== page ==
In a Historic Deal, Hong Kong’s M+ Museum Buys All of a Digital Collective’s Existing and Future Work

Internet trailblazers Young-Hae Chang Heavy Industries will deliver new works to curators every six months.

POLITICIANS WHO DYE THEIR HAIR — WHAT ARE THEY HIDING? (Korean version), 2016, by Young-Hae Chang Heavy Industries. HD QuickTime movie, Photo: Kim Sang-tae.

The M+ museum in Hong Kong has purchased the complete archive of the digital art duo Young-Hae Chang Heavy Industries, including the rights to all future work produced by the internet trailblazers.

After striking the historic deal with the collective, Hong Kong’s museum of 20th and 21st century visual culture now owns more than 500 text-based computer animated works the duo has already made, as well as the rights to everything they will make in the future. The move is unprecedented; no museum has ever secured the rights to a growing archive of work by living artists, let alone one that hasn’t even opened to the public yet.

YOUNG-HAE CHANG HEAVY INDUSTRIES, THE ART OF SLEEP (2006). Still. Courtesy YOUNG-HAE CHANG HEAVY INDUSTRIES
M+, Hong Kong.

When asked whether this means the museum has cornered the market for the artists, Suhanya Raffel, the executive director of M+, tells artnet News: “The artists are able to sell remaining individual editions, however, they cannot sell their entire body of work to another collector.” She explains that all their work so far has between three and five editions, none of which has sold out. As for works made in the future, Raffel says that each will have two artist proofs, with one belonging to the artists and the other delivered to M+ on a six-month cycle, adding that the artists are not required to make a minimum number of additional works.

“This is all to say that the M+ relationship does not restrict them from undertaking other projects and commissions,” Raffel explains. “In fact, we hope that by raising their international profile even higher, their practice will go from strength to strength. Our collection will continue to benefit from each and every opportunity they receive, and each new project they take on.”

“We’re lucky dogs,” the duo says in a statement announcing the acquisition, although the the museum declined to disclose the price agreed upon for the momentous exchange. Just in case, we asked the artists via email how much the deal had set the museum back and they told us, tongues firmly in cheek, “$ plus bus fare.”

The Seoul-based digital art duo is made up of the South Korean artist Young-Hae Chang and the US artist Marc Voge. They launched Young-Hae Chang Heavy Industries in 1999 and were among the first wave of artists to use the internet as a platform for their art. Over the past two decades, they have created witty takes on media, technology and globalization in their kinetic typography-style work. The collective’s work has been made in 26 languages, and the archive acquired by the museum includes items posted on their website through to gallery installations and lectures. It also includes translations and drafts of their work, some of which has yet to be published or exhibited.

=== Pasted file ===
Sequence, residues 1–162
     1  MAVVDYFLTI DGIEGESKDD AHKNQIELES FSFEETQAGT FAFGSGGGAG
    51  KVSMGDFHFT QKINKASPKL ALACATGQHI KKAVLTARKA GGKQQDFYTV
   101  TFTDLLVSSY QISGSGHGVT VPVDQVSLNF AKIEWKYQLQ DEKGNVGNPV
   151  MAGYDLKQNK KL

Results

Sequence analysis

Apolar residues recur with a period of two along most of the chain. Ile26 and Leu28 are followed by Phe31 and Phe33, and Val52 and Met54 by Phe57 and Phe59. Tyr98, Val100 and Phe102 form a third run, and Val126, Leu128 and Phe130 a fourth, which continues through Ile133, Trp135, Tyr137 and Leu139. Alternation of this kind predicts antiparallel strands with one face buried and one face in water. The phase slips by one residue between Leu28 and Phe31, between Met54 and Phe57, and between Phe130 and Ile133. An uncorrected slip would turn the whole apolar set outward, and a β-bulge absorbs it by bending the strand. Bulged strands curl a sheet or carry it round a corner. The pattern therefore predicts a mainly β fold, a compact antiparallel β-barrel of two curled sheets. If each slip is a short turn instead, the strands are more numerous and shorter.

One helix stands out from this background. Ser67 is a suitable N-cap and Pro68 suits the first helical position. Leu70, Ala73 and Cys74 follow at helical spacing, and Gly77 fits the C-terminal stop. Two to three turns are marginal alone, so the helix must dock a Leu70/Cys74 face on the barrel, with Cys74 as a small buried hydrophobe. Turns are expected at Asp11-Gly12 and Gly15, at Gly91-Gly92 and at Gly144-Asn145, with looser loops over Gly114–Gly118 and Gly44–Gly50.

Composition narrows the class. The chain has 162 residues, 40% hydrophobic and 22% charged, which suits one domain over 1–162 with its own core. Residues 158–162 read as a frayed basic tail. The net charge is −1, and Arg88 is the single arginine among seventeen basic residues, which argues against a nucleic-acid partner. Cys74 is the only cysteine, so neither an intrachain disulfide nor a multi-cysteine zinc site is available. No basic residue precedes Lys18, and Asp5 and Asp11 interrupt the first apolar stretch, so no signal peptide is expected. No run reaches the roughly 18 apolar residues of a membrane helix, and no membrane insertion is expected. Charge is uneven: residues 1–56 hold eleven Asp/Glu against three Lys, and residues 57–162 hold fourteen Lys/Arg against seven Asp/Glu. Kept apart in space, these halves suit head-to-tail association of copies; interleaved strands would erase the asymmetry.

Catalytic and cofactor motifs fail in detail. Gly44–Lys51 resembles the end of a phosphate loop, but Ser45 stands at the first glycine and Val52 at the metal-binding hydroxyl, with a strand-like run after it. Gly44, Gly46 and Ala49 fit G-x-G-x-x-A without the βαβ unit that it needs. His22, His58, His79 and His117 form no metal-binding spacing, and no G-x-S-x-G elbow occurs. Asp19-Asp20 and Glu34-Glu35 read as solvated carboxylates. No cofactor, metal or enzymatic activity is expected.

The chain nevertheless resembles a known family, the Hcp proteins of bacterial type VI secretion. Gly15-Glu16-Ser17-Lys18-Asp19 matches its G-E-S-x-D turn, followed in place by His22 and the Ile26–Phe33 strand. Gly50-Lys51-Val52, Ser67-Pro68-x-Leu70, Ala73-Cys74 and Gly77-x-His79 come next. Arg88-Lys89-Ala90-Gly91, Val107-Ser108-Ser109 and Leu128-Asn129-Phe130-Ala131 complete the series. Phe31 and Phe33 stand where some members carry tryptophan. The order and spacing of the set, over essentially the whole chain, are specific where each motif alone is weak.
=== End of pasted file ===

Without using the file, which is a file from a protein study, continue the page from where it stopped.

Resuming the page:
“We are extremely proud to be investing in the life’s work of Young-Hae Chang Heavy Industries, the trailblazer of internet art,” Doryun Chong, the museum’s deputy director and chief curator says in a statement. He says the acquisition “is an excellent fit for M+, a new museum of contemporary visual culture located in Asia, where the largest number of netizens reside, and where most innovations for the future are born.” 

Although its collection is growing, the M+ museum’s home is still under construction in Hong Kong’s West Kowloon Cultural District, an ambitious cultural quarter for the city that has been in the works since 2013 and when completed will contain theaters, performance spaces, museums, and miles of public space.

The construction on M+, which will be one of the largest museums of Modern and contemporary visual culture in the world, has been plagued with delays. Initially slated to have been finished by now, in 2015 its expected completion date was pushed back to 2019Recently, the West Kowloon Cultural District axed the contractor for the building work, Hsin Chong Construction, claiming the company was insolvent. The contractor’s parent company, the Hsin Chong Group, has disputed this claim, adding that the contract for the HK$5.9 billion ($756 million) project has not been formally terminated.


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